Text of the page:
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Brothers' plea to find answers over mother's death

PUBLISHED: 15:35 25 May 2019 | UPDATED: 15:35 25 May 2019

Former hospital cleaner Shirley Yallop died after being diagnosed with mesothelioma - a cancer linked to asbestos exposure. Picture: Eugene and Rodell Dunford

Former hospital cleaner Shirley Yallop died after being diagnosed with mesothelioma - a cancer linked to asbestos exposure. Picture: Eugene and Rodell Dunford

Eugene and Rodell Dunford

Two brothers are reaching out to former colleagues of their mother in the hope of finding answers surrounding her death.

Two brothers are reaching out to former workers of the old Norfolk and Norwich University Hospital site in St Stephen's Road to find answers surrounding their mother's death. Picture: Eugene and Rodell DunfordTwo brothers are reaching out to former workers of the old Norfolk and Norwich University Hospital site in St Stephen's Road to find answers surrounding their mother's death. Picture: Eugene and Rodell Dunford

Shirley Yallop, 72, of Canterbury Place, Norwich, died in April 2016, just five months after being diagnosed with mesothelioma - a cancer linked to asbestos exposure.

Mrs Yallop worked as a cleaner at the Norfolk and Norwich University Hospital's (NNUH) site in St Stephen's Road in the city from the late 1980s until its closure in 2003.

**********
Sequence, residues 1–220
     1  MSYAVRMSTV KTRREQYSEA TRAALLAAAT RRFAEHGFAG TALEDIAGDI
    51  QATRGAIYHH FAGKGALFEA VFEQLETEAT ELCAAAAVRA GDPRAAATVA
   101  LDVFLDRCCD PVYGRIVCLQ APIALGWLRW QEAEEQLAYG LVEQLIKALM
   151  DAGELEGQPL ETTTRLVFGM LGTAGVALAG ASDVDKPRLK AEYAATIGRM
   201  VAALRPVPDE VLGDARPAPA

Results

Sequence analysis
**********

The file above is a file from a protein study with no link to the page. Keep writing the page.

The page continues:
Despite showing no adverse signs of illness in the subsequent years, Mrs Yallop became seriously ill in 2015 and was told she only had months to live.

Her sons, Eugene Dunford, 63, and Rodell Dunford, 48, were shocked to learn of their mother's diagnosis and at that point had never even heard of mesothelioma.

Mrs Yallop suffered from an aggressive form of the disease - sarcomatoid mesothelioma - and her condition deteriorated quickly.

She was diagnosed in November 2015 after a 10-day hospital stay and died in the hospice in the following year on April 7.

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An inquest held at Norfolk Coroner's Court on June 10, 2016, concluded that Mrs Yallop died of an industrial disease.

Asbestos was previously widely used in cladding and insulation but its dangers were recognised during the 1980s and it is now a banned substance.

The brothers said their mother was full of life and loved to socialise, and was liked by everyone.

They said Mrs Yallop recalled the corridors in the hospital where she cleaned were lagged with asbestos and is hoping former colleagues may have some clues as to how she contracted the deadly disease.

They said: "We would like her former colleagues to come forward so that they can describe her working conditions and explain how she might have come into contact with asbestos."

A spokesman from the NNUH said: "Our condolences go out to the family of Mrs Yallop following their loss.

"We have received contact from the family through their legal representatives and this is an ongoing matter."

Specialist asbestos disease solicitor Martyn Hayward, of Ashtons Legal, is assisting the family and would like to speak to former colleagues of the hospital.

To get in touch with Mr Hayward, call 01223 431112 or email martyn.hayward@ashtonslegal.co.uk

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